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Antiques -- There are hundreds of reputable dealers, and you're sure to find something worth shipping or carrying home. Antiques -- maps, prints, old-fashioned clocks, Chinese urns, silver boxes, books, furniture, old pewter, porcelain, crystal, and jewelry -- are a major attraction here.

Art -- Contemporary art is a vibrant activity in this city of young artists. Galleries abound, particularly in the canal area near the Rijksmuseum. Posters and reproductions of famous artworks are other excellent items to buy in Amsterdam. The Dutch are known for their high-quality printing and color-reproduction work, and one of their favorite subjects is Holland's rich artistic treasure-trove.

Cheese -- Gouda (khow-duh) and Edam (ay-dam) are the two most familiar Dutch cheeses, among dozens of varieties. You have the choice between factory cheese, made from pasteurized milk, or boerenkaas, farm cheese produced the old way with fresh, unpasteurized milk straight from the cow. Boerenkaas is more expensive, but has more taste. Another choice is between young (jonge) and old (oude) cheese. Young cheese is sweeter, moister, and has that melt-in-your-mouth quality, while old cheese has a sharper, drier taste, and a crumbly texture.

Chocolate -- Droste, Verkade, and van Houten are three of the best names to look for. Or seek out small specialty stores that still hand-fill bonbon boxes.

Crystal & Pewter -- If you recall classic Dutch still-life paintings portraying scenes of 17th-century family life, you'll know that crystal and pewter objects are part of Holland's heritage. Crystal has long been associated with the towns of Leerdam and Maastricht (to spot the genuine article, look for the four triangles of the Royal Leerdam label), and pewter with Tiel. Note: The Dutch government bans the use of lead as a hardening agent, but this assurance only protects you from toxicity in new pewter, so don't buy any antiques for use with food or drink.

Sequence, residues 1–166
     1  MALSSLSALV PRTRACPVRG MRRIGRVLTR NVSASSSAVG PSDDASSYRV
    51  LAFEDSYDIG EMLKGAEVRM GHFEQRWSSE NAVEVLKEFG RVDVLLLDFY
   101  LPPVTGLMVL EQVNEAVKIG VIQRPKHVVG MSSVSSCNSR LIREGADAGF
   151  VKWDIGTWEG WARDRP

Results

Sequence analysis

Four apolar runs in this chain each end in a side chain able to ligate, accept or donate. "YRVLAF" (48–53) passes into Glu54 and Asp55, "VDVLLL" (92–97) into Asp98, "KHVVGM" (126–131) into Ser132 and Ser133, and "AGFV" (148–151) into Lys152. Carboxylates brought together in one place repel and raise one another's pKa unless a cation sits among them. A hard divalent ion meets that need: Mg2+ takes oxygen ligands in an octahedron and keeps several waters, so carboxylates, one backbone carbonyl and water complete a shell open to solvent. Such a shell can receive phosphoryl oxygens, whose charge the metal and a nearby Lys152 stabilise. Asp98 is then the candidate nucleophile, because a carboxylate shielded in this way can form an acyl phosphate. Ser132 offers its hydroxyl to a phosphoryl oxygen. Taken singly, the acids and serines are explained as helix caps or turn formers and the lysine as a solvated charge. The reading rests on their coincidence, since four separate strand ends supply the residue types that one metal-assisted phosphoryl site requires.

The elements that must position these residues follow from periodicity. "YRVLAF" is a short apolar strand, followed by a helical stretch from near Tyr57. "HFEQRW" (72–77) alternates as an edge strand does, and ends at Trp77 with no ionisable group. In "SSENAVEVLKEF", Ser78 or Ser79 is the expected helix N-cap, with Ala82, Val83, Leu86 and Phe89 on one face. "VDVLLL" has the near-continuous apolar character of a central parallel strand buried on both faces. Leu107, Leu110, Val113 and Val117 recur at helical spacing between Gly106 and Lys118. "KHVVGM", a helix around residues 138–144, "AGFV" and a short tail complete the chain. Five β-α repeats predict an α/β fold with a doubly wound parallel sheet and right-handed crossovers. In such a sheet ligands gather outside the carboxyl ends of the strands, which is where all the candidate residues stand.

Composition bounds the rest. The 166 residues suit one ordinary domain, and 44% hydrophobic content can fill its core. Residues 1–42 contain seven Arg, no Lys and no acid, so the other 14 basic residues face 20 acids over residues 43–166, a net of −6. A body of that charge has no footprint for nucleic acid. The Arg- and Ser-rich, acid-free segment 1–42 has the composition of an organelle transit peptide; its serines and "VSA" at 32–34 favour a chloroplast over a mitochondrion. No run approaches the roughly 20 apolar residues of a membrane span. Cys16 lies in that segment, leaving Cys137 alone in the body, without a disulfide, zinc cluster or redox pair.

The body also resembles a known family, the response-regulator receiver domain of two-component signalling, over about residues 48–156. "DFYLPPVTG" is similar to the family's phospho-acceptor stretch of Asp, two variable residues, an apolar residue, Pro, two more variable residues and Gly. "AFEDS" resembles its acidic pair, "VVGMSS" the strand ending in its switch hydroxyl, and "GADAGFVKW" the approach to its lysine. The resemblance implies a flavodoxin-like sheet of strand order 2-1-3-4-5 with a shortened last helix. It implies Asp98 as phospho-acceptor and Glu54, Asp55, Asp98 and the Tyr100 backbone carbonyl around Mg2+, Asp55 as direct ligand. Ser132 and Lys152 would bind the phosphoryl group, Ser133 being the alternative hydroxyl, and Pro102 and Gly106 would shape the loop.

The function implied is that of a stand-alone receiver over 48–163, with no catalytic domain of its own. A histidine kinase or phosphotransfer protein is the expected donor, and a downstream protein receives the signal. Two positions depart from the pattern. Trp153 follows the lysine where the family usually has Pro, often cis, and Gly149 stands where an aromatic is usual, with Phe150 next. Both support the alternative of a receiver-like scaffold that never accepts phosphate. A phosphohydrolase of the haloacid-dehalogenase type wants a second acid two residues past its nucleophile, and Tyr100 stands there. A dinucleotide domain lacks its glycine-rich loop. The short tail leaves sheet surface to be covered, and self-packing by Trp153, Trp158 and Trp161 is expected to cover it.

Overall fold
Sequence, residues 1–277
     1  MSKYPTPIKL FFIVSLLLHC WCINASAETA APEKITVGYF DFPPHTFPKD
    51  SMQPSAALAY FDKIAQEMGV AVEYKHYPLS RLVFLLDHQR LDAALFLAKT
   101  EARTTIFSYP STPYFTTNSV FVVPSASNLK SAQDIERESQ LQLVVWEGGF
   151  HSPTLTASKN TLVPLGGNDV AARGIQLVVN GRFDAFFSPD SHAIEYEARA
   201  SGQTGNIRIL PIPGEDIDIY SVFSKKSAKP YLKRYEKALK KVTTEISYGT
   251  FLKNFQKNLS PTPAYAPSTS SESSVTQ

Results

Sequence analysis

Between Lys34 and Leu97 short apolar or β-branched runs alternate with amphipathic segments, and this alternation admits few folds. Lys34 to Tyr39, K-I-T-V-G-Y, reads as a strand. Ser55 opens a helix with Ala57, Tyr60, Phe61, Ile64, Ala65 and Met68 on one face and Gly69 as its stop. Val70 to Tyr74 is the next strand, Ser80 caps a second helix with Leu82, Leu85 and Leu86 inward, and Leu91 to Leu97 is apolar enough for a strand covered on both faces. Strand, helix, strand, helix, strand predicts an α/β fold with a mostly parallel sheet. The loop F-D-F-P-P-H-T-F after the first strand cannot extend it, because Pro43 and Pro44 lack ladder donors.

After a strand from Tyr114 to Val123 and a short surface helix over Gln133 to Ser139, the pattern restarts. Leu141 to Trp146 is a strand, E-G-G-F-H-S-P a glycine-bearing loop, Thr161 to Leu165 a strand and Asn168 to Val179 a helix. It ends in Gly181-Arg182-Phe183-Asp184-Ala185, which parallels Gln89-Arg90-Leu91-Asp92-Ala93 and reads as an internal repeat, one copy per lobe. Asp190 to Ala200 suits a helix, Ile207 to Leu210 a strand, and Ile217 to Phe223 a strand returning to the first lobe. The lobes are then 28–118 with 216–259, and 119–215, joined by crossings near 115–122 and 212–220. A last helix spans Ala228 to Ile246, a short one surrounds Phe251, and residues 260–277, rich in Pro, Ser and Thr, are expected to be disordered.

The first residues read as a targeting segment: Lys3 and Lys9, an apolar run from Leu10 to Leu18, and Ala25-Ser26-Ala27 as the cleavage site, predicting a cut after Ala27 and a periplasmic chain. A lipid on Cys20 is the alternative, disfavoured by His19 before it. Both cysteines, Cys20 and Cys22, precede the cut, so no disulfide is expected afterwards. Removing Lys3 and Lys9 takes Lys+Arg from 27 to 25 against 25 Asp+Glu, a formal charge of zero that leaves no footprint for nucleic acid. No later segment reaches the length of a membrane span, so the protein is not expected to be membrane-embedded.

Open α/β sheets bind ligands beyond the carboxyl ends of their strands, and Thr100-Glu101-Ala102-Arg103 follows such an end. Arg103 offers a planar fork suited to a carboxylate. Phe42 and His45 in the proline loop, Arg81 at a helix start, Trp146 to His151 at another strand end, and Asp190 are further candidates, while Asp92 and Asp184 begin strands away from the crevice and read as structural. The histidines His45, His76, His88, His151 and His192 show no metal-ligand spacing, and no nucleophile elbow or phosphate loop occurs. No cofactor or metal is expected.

Delftware & Makkumware -- Porcelain from the royal factories at Delft and Makkum can be wonderful. None of it is cheap. With a lowercase d, delftware is an umbrella name for all Dutch hand-painted earthenware pottery resembling ancient Chinese porcelain, whether it is blue and white, red and white, or polychrome, and regardless of the Dutch city in which it was produced. Delftware, or Delft Blue (with a capital D) refers to the predominantly, but not exclusively, blue-and-white products of the Delft-based firms De Koninklijke Porceleyne Fles and De Delftse Pauw. Similarly, makkumware is synonymous with polychrome pottery, whereas Makkumware is the hand-painted polychrome earthenware produced only in Makkum, a town in Friesland province, by the family-owned firm Koninklijke Tichelaars, which was founded in 1594.

Genuine Delftware and Makkumware are for sale in specialized stores (De Delftse Pauw sells its pottery only from its factory and by mail order), but it is far more interesting to go to the workshops in the towns and see how they are made. Little has changed over the centuries, and all the decorating is still done by hand. This makes it quite pricey, but each piece is a unique product, made by craftsmen. Some of the numerous copies of De Porceleyne Fles and Tichelaars products are nearly equal in quality, while others miss by miles the delicacy of the brush stroke, the richness of color, or the sheen of the secret glazes that make the items produced by these firms so highly prized.